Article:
Yukonstyle is precisely what those with a personal or professional interest in new stage writing like to see – a script that’s a big step forward for a young playwright in a production that does her words full justice.
Sarah Berthiaume’s latest play is set in Whitehorse during the trial of serial killer Robert Pickton. The non-stop, stomach-turning television coverage of the pig farmer’s unspeakable acts seems to have seeped its way the consciousness of each of the characters and altered how they see day-to-day life in the dark winter of Canada’s North.
Garin (Ryan Cunningham), a young aboriginal man working as a dishwasher, begins to wonder if the disappearance of his own mother from Vancouver’s Downtown Eastside when he was a toddler is somehow connected to Pickton. Unsettled, he tries to get his alcoholic, French-Canadian father Pops (the charming François Klanfer) to finally tell him about his family history.
Meanwhile, Garin’s roommate Yuko (Grace Lynn Kung), an immigrant from Japan who moved to the Yukon because she read it had the fewest Japanese people in the world, is also reminded of a family tragedy by the news, but her reaction is to pick up an underdressed young, white woman she discovers hitchhiking on the side of the road and tell her she can stay on their couch as long as she likes. Kate (Kate Corbett), who turns out to be 17, pregnant and obnoxiously ignorant, causes friction between Yuko and Garin just when they need each other most.
Since Yukonstyle had its premiere in Quebec last April at Montreal’s Théâtre d’Aujourd’hui, it’s racked up performances in France, Switzerland, Belgium, Austria and Germany. It is much more appealing than Berthiaume’s first play, The Flood Thereafter, which was presented in English translation at Canadian Stage earlier this fall and, trying too hard to be mythologically resonant, drowned in static poetry.
In Yukonstyle, Berthiaume strikes a balance between short, sharp scenes of conflict between the characters and poetically descriptive monologues, which are delivered by the three main young actors through head-mounted microphones. Director Ted Witzel provides visuals that complement these passages rather than trying to literally illustrate them.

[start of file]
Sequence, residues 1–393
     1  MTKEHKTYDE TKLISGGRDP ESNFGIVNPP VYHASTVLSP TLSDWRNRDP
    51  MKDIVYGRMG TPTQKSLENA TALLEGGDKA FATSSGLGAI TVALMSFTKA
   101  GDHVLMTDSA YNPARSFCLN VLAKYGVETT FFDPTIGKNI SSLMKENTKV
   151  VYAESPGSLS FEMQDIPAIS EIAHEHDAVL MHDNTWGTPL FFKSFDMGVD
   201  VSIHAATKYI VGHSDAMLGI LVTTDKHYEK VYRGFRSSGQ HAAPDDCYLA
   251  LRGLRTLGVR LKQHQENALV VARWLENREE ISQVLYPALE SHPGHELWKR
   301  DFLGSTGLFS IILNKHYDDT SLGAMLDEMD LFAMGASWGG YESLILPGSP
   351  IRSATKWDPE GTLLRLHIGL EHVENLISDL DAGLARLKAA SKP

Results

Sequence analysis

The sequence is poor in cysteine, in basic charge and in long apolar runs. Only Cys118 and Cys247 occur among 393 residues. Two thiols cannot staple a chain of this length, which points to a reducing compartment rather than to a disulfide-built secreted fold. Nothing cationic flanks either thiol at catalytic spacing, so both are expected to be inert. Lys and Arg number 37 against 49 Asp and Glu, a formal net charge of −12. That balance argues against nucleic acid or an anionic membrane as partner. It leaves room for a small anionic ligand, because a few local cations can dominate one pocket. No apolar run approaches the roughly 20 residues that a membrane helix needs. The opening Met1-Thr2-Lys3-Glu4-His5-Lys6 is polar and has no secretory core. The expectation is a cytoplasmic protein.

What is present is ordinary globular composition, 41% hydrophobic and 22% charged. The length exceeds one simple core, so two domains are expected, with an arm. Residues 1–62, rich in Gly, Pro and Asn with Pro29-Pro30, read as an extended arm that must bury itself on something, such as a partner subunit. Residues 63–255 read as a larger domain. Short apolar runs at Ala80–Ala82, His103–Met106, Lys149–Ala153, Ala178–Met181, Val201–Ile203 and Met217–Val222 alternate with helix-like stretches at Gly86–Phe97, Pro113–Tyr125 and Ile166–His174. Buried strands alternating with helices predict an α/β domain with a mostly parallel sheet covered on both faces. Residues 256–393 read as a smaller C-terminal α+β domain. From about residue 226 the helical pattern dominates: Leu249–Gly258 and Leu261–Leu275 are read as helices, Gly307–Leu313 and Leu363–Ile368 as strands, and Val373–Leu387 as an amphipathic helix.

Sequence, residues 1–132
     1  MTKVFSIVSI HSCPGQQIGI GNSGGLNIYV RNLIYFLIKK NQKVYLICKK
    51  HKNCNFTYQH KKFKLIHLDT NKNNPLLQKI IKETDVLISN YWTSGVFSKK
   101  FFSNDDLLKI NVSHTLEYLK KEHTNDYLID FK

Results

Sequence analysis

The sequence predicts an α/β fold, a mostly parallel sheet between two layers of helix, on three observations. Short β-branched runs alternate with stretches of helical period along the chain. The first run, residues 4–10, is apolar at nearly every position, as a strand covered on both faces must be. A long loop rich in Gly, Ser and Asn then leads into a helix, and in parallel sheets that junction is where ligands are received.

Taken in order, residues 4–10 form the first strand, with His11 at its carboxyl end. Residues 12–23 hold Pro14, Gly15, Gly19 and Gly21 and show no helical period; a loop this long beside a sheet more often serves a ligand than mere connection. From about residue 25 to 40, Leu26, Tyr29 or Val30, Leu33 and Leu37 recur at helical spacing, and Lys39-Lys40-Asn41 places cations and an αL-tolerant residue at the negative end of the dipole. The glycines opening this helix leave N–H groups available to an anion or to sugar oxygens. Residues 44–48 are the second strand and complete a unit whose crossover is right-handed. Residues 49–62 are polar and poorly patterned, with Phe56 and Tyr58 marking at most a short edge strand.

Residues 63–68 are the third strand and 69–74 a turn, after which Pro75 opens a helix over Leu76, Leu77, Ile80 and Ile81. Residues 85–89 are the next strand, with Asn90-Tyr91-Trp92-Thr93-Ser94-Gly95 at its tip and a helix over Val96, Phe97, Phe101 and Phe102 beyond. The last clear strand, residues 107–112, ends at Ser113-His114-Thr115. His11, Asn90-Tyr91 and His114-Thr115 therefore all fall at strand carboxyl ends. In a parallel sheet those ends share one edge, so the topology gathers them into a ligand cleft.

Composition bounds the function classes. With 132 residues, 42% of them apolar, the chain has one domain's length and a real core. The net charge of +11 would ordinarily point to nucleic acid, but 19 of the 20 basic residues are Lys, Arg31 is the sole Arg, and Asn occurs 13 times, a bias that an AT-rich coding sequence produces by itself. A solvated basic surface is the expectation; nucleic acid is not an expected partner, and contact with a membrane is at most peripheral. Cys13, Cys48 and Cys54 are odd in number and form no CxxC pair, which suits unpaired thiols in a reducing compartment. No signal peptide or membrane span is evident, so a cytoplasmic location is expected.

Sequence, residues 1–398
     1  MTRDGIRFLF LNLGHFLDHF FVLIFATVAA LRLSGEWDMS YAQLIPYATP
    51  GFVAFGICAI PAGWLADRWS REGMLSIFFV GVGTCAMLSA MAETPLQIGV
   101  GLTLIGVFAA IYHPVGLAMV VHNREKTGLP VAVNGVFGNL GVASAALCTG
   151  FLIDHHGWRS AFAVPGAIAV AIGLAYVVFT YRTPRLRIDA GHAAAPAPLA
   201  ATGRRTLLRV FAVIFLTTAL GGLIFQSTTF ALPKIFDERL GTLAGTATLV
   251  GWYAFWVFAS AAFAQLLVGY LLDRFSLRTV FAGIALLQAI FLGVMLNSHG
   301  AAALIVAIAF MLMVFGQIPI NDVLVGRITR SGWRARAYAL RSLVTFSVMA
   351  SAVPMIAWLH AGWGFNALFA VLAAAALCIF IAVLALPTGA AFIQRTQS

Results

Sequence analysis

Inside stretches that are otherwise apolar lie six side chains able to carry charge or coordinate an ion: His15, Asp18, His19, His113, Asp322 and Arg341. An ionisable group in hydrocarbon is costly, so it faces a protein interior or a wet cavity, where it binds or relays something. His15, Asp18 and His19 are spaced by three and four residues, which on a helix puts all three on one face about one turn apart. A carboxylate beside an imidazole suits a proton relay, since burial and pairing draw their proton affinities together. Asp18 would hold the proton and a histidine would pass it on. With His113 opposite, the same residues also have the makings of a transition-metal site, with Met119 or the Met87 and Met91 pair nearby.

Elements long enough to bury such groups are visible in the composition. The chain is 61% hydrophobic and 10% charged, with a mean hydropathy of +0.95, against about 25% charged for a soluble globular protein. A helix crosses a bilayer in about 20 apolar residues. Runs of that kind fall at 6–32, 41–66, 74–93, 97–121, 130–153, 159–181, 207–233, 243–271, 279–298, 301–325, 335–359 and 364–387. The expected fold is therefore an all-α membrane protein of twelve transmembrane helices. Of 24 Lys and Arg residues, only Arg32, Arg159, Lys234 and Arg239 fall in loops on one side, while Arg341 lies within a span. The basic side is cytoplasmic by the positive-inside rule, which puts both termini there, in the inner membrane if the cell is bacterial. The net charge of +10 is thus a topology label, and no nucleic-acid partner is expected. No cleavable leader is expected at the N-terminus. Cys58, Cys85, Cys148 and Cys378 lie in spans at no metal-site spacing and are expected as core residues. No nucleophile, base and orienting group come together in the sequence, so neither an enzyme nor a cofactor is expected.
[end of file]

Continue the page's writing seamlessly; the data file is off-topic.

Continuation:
The nicely layered staging by Witzel – one of two inaugural graduates of York University’s new MFA program in collaboration with Canadian Stage – is a leap forward for him as well. A scene where Kate eats Cheez Whiz with her finger out of a jar while watching a gruesome news report on television is brilliantly disgusting, while a yearning encounter between Yuko and Garin has all the will-they, won’t-they tension of a DVD box set of Friends compressed into a few minutes.
The performances are a tad broad, but remain believable. As Kate, Corbett gives a bravely immature performance, never trying at all to gain our sympathy for her unthinking character. At first, I thought she was simply too much – but after a commute home in which I ran into a gaggle of screeching teenage girls, I realized that she has captured through caricature the unflappable obliviousness of youth. It’s quite refreshing to see a teen on stage who isn’t precocious or wise beyond her years. (Kate has an arm in a sling that I might have seen a symbol of her own brokenness – if I hadn’t been told that the actress had an accident during rehearsals.)
As far as the writing goes, it’s a pleasure to find a non-Aboriginal Canadian playwright creating a work with a compelling native character at its centre (well played by Cunningham) who is neither a victim, nor overly virtuous. In many accounts of our country’s theatre history, the first significant event in English Canadian playwriting was The Ecstasy of Rita Joe, George Ryga’s 1967 tragedy about a young Aboriginal woman who moves to the city. But with the rise of native playwrights like Tomson Highway in the 1980s, other Canadian playwrights mostly ceded the territory to those who had long been denied a voice. The well-meaning attempt to avoid cultural appropriation has often had the unexpected side effect of whitewashing our stages – and sidelining issues that are all of ours to deal with.
In any case, although rooted in a recent Canadian tragedy, Yukonstyle is not overwhelmed by it – or sucked into docudrama. The relationships are complex, the characters fresh and there a few gutsy moments – like I said, exactly what you want from a 30-year-old playwright who has more working years ahead of her than behind her.